Devina Bhalla is an assistant arts editor at the Tufts Daily. She is a sophomore majoring in sociology and English. Devina can be reached at [email protected]

Exciting book releases for month of March

March 2020 brings an exciting array of new books. Here are eight of the most anticipated books of 2020 that launch this month. “Deacon King Kong” by James McBride “Deacon King Kong” is James McBride’s first novel after his award-winning work “The Good Lord Bird” (2013). This book dives into a Brooklyn community when a […]

Natalie Diaz’s highly anticipated collection ‘Postcolonial Love Poem’

Natalie Diaz’s highly anticipated second collection of poetry, entitled “Postcolonial Love Poem” (2020), was released on March 3. Diaz is a Mojave American poet, and her debut poetry collection, titled “When My Brother Was an Aztec,” was published in 2012. Diaz is also an educator and activist, along with being a former professional basketball player. […]

Brookline Booksmith hosts Poupeh Missaghi, author of ‘Trans(re)lating House One’

Brookline Booksmith, an independent bookstore in Brookline, Mass., started a transnational literature series in 2018. This series was created to bring in books, authors and translations that explore borders through their work. Poupeh Missaghi and her novel “Trans(re)lating House One” (2020) were featured on Feb. 12 in Brookline Booksmith’s used book cellar. The crowd itself […]

Porter Square Books: A community centerpiece

I often find myself at bookstores, and even more often I find myself at Porter Square Books (PSB). There are never seats available unless you’re really lucky because of all the people that frequent the store. When you first walk in, you start by looking at the fiction section, across from the bustling of Café […]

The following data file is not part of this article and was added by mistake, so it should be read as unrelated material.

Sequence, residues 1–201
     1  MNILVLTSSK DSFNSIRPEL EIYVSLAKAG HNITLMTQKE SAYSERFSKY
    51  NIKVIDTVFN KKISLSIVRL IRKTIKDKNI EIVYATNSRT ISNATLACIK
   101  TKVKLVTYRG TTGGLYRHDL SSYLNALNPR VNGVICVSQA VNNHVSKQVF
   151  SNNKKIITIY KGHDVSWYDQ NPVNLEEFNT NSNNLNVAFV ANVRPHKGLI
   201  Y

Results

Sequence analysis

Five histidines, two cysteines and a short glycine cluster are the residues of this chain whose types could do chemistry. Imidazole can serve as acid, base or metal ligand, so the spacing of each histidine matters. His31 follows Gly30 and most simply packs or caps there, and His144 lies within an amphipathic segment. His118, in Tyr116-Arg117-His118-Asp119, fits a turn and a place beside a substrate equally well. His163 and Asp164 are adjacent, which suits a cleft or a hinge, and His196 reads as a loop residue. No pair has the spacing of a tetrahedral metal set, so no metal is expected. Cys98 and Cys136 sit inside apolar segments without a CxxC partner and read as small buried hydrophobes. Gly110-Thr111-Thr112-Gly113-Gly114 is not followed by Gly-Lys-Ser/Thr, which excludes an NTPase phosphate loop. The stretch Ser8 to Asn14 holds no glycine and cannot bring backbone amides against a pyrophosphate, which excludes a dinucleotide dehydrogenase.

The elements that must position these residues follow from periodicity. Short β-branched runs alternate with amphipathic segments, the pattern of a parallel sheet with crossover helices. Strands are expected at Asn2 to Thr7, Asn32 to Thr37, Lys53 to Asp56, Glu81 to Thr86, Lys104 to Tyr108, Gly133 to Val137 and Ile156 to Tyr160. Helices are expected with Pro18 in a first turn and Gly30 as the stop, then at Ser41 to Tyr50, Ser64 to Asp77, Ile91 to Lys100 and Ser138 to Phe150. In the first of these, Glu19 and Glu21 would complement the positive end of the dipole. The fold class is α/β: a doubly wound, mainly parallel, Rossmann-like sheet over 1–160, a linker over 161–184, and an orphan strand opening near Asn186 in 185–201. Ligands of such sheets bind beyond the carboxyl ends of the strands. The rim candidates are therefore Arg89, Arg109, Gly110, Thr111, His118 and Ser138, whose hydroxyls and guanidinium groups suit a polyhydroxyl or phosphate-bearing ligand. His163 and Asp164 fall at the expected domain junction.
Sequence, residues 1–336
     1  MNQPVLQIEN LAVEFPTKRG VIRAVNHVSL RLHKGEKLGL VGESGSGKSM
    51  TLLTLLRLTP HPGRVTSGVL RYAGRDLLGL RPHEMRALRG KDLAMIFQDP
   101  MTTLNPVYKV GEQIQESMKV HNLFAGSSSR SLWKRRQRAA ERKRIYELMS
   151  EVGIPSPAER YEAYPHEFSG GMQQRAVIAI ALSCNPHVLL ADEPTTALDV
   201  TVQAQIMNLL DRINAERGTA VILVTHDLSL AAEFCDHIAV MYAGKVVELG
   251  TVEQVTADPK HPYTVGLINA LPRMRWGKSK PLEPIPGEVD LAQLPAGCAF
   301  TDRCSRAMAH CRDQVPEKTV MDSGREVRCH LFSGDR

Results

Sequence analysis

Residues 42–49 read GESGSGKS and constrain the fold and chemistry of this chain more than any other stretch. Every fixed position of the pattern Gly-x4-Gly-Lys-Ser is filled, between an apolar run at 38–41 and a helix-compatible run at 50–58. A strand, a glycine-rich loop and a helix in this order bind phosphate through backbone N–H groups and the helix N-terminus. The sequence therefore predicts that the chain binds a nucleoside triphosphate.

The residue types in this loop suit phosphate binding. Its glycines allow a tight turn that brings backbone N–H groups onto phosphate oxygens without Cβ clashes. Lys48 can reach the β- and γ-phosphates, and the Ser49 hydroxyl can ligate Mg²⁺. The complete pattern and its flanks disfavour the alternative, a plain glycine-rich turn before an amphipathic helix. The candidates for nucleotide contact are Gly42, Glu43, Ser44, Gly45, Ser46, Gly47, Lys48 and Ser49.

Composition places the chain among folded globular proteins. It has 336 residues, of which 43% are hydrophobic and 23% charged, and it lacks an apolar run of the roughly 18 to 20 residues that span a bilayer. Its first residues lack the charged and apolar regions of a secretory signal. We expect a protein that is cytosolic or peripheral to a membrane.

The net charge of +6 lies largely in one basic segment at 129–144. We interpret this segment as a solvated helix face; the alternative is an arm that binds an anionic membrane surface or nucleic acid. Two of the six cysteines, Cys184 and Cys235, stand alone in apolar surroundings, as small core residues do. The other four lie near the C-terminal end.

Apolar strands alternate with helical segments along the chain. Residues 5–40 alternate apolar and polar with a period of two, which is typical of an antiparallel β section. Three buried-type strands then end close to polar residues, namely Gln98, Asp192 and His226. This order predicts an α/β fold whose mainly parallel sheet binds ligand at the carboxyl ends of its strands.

Miranda Popkey’s “Topics of Conversation” explores power and desire

Miranda Popkey’s debut novel “Topics of Conversation” (2020) brims with sex, violence, drinking and failed relationships. Its unnamed narrator goes over different conversations she’s had with women spanning back to the year 2000, her college graduation year. From a recent college graduate to a divorced single mother, she reveals the rawest and most troubled aspects […]

Bhallin’ with Books: ‘Born A Crime’ and a few final words

With the little taste of break that Thanksgiving gave us, I was able to finish reading Trevor Noah’s “Born A Crime” (2016). “Born A Crime” is another comedian’s autobiographical novel (perhaps I’m on a comedian kick thanks to Jenny Slate) full of stories from Noah’s childhood in South Africa. Noah is biracial and was born […]

Bhallin’ with Books: ‘Little Weirds’

“Little Weirds” (2019) by Jenny Slate is a journey. I struggled for a while trying to write this, to describe a book so weird yet so enjoyable. And I’m still not sure you’ll understand. Maybe you won’t until you pick it up yourself, which this hopefully gives you a push to do. Slate is a […]

Bhallin’ with Books: ‘How We Fight for Our Lives’

It’s that busy time of year, and unfortunately I was not able to attend Saeed Jones’ book talk about his latest memoir, “How We Fight for Our Lives” (2019), like I had planned. Jones’ book is important and deserves coverage though, so I am giving it some space here to talk to you all. “How […]

Bhallin’ with Books: ‘The Makioka Sisters’

“The Makioka Sisters” (1943–1948) by Jun’ichirō Tanizaki follows four aristocratic women in Osaka throughout the years preceding World War II. It is truly a wonderful read. The Makioka family is upper-middle class. However, the wealth that they once enjoyed in their father’s prime has been in decline along with the aristocratic way of life. Decline […]

Bhallin’ with Books: ‘Slave Old Man’

This week I was powerfully floored by Patrick Chamoiseau’s “Slave Old Man” (1997). Originally published in French and Creole in 1997, Linda Coverdale’s translation is accurate and allows for Chamoiseau’s beautiful and significant text to be read by English speakers. Chamoiseau was born in Martinique and is a celebrated author and part of the Créolité […]